I was sitting around today thinking about the way we run our lives, the way we make decision, even the most simple of decision.
Now the literal way to look at this is to say no. Very few people haven structured training in stats as a subject/topic, and surely no one looks at the pure statistics behind each decision they make. But everything we do, we do by weighing up the pros and cons of the result of our topic. Some would say, so what, that’s not stats, it’s just common sense. But what I’m saying is that sure, when I make a decision to cross the road, I don’t think , hey, I have a 5% chance to get hit by a car crossing this road. A. Because I don’t know that and B. common sense.
Aha, you say, I just admitted to common sense, and yes I do, but isn’t common sense just a kind of informal stats. We know the risks associated with crossing the road, sure I may not know it’s 5% exactly, but I know it’s low enough, that the time saved by crossing the road will be worth more than the risk of crossing it. And this counts for every choice we make. It’s why I decide to bunk a class every now and then, because I’m assuming that I can catch up that work at a later stage, because according to the stats I’ve built up by previous experience, I should quite easily be able to achieve it. And again the advantage of sleeping late will be of more benefit to me than if I were to attend the class and sleep through it.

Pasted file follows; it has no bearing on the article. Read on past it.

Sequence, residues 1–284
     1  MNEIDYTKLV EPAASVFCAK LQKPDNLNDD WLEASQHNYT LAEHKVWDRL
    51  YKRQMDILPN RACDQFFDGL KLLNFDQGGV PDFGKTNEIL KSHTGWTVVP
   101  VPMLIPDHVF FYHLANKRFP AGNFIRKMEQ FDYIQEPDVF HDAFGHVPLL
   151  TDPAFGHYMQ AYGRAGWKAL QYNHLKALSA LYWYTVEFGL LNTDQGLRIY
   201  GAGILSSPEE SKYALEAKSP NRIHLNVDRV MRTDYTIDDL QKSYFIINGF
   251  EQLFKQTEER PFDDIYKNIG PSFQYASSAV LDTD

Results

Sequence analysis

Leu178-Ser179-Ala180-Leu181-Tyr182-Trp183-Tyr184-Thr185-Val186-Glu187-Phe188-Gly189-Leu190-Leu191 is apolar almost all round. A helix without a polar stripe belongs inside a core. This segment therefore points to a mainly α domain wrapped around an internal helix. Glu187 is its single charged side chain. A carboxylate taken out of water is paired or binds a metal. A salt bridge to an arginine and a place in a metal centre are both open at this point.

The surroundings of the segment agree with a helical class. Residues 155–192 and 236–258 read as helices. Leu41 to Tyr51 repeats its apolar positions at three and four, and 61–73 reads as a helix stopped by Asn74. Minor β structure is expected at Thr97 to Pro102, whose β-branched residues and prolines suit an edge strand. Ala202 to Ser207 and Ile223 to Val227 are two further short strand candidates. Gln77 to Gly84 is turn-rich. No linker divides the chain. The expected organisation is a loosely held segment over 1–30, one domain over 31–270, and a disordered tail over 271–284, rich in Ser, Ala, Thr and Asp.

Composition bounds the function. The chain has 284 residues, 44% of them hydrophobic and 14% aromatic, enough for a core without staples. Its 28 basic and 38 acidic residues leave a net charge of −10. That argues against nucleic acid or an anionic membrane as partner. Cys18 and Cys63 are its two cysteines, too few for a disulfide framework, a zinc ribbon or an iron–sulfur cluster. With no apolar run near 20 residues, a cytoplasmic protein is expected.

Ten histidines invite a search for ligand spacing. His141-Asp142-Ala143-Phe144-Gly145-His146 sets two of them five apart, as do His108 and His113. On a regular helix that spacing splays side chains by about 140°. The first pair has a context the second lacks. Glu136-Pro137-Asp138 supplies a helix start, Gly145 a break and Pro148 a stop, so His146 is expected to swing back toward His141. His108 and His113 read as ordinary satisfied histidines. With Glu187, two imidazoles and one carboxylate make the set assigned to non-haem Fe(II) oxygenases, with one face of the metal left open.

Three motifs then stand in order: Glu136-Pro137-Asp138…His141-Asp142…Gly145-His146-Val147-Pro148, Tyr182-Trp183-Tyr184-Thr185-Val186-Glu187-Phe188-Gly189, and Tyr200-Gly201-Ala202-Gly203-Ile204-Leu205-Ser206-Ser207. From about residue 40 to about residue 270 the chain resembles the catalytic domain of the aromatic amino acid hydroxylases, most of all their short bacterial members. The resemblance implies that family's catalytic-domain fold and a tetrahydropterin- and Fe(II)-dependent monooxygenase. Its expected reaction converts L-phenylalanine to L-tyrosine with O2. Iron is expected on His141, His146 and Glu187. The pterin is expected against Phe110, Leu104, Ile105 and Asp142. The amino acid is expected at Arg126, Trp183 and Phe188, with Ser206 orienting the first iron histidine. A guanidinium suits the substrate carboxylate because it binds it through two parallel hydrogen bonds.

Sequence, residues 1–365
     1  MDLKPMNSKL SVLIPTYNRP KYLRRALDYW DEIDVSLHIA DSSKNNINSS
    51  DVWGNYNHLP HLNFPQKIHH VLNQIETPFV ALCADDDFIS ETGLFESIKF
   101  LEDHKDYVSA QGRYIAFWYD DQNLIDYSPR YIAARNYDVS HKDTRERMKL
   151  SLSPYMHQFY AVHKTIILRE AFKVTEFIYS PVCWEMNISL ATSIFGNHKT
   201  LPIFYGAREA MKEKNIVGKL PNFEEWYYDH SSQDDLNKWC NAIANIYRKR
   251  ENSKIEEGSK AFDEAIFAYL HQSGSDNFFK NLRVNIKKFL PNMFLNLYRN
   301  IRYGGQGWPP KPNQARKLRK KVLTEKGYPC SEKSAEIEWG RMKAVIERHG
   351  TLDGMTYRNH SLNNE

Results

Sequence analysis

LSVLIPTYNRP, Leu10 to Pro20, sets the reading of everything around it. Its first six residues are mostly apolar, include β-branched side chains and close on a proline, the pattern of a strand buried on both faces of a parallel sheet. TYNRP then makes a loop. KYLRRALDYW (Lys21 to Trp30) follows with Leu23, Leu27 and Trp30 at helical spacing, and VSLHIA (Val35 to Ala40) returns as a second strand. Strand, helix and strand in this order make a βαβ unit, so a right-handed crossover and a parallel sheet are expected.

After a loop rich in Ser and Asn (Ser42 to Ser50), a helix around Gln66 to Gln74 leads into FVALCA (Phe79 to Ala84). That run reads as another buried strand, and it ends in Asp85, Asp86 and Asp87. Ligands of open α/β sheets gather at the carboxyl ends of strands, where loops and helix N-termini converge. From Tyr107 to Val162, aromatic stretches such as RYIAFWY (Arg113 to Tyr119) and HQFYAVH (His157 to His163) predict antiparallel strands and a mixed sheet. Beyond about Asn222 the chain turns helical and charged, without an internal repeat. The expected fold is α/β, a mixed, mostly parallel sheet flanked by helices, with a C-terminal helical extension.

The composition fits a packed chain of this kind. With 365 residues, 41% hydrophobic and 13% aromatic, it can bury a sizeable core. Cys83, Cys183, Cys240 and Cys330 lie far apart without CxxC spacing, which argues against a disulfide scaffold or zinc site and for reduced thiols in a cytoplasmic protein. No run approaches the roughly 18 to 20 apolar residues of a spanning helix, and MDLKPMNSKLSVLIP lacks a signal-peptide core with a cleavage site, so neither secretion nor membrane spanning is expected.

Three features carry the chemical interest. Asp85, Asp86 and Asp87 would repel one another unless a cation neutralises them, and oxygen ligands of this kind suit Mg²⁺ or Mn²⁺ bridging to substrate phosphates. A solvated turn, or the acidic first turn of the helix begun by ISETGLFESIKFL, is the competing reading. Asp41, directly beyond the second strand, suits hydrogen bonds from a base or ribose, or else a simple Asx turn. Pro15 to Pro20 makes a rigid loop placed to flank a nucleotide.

Again I’m stating that I’m talking about the average person, whose choices are based mainly on emotion and experience, not a bunch of actuaries in their air-conditioned offices on the 50th floor where they set my insurance premiums and sort out the order that the traffic lights must change. Although, to a point that might seem a more literal way of our lives being influenced by stats.
If this article seems disjointed, it’s because I wrote different parts at different times and kinda chucked it together.
Also, I still need to add a picture or something to this website to make it look prettier :)